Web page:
Day-Lewis' portrait of the wrongly convicted Gerry Conlon is a sweeping performance of a man over many periods of his life. Conlon, a hippy imprisoned for a vicious IRA bombing in England, fights the system for years, watching the police arrest members of his family along the way. DDL brings the joy of freedom, the bewilderment of being wrongly accused, the depression of realization, and the anger of injustice in equal amounts.
5. Danny Flynn - The Boxer (1997)
Day-Lewis' second IRA-themed film working with director Jim Sheridan was The Boxer. In it, DDL plays the title hero, a former IRA youth released from prison years later. He wants to stay on the straight and narrow, but his old neighborhood and boss, beckons. In a quietly powerful performance, Day-Lewis conveys the pain of a man who needs to forget his past, but knows he still has unfinished business.
4. Abraham Lincoln - Lincoln (2012)
For anyone else, this would be a career achievement: Portraying Honest Abe and winning an Oscar for it. But, for Day-Lewis, it's simply another great role in a career made of them. The greatest feat he pulls off as the 16th president is convincing the world he is just that. Watching the film, you forget about the actor behind the top hat and iconic chin strap beard.
3. Bill the Butcher - Gangs of New York (2002)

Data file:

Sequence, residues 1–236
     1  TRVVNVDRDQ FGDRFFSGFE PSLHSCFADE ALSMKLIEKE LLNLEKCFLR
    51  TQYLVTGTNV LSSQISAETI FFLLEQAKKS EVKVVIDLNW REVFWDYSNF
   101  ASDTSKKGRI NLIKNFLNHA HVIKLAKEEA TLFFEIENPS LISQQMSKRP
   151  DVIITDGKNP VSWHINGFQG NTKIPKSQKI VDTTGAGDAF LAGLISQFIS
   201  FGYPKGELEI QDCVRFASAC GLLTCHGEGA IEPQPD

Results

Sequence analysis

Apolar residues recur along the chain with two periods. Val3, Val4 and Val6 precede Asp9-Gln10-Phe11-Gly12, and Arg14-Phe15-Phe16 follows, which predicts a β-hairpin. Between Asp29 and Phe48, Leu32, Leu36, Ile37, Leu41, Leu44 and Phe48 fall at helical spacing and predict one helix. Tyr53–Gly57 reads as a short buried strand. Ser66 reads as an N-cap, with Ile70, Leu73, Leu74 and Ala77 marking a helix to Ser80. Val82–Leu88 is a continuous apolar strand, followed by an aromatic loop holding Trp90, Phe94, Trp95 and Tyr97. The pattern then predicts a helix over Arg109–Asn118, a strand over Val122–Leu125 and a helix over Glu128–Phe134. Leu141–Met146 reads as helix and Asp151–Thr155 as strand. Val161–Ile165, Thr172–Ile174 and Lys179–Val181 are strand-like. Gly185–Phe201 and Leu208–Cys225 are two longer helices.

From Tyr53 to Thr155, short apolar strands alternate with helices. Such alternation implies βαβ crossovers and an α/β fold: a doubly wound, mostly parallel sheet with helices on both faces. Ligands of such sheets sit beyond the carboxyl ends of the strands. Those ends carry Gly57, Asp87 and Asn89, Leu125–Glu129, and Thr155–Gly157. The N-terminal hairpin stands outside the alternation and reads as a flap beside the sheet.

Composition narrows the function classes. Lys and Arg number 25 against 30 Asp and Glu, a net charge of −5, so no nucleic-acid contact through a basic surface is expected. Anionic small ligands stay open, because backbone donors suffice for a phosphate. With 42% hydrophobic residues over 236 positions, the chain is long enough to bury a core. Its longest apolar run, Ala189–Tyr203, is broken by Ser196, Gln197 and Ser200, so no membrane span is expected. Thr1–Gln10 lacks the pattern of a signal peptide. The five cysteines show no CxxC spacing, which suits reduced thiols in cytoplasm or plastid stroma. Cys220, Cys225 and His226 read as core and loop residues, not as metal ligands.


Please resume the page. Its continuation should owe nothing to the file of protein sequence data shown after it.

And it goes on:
This is another example of the role being greater than the sum of its subject matter. Gangs of New York may not go down as a great film, but its villain will. Day-Lewis brings true viciousness to his portrayal of Bill the Butcher, the de facto crime boss in turn of the 20th century New York City. Losing any semblance of his Britsh accent and disappearing behind matted hair and a glass eye, Day-Lewis personifies early American greed, violence, and prejudice.
2. Daniel Plainview - There Will Be Blood (2007)
Perhaps more than any other cinematic anti-hero of the past 50 years, Daniel Plainview defies categorization. His evil is the result of a lifetime of hard work, something most Americans know plenty about. Can we blame him for how he turns out? The mystery is due to the performance of Day-Lewis, who instills in Plainview a work ethic any father would want in their son. But his American Dream comes at a price, and Plainview pays it over and over again, sacrificing his humanity along the way. There Will Be Blood stands as the signature film for the corruption of the American Dream and Day-Lewis stands as the reason why.
1. Christy Brown - My Left Foot (1989)
A list of the greatest movie performances of all time, on its own, would be hard-pressed to forget what Day-Lewis put onscreen in My Left Foot. Yes, he won the Oscar for the role and yes, it's a hugely respected piece of dramatic art, but you've still got to see it to believe it. DDL was well-known as a strict method actor and he went to incredible lengths in his portrait of Christy Brown, an Irish artist born with cerebral palsy who only had control of his left foot. Confined to a wheelchair for much of the film, Day-Lewis must rely on his body to communicate, not his voice. It's the single most impressive physical performance you'll ever see, and the greatest of the actor's storied career.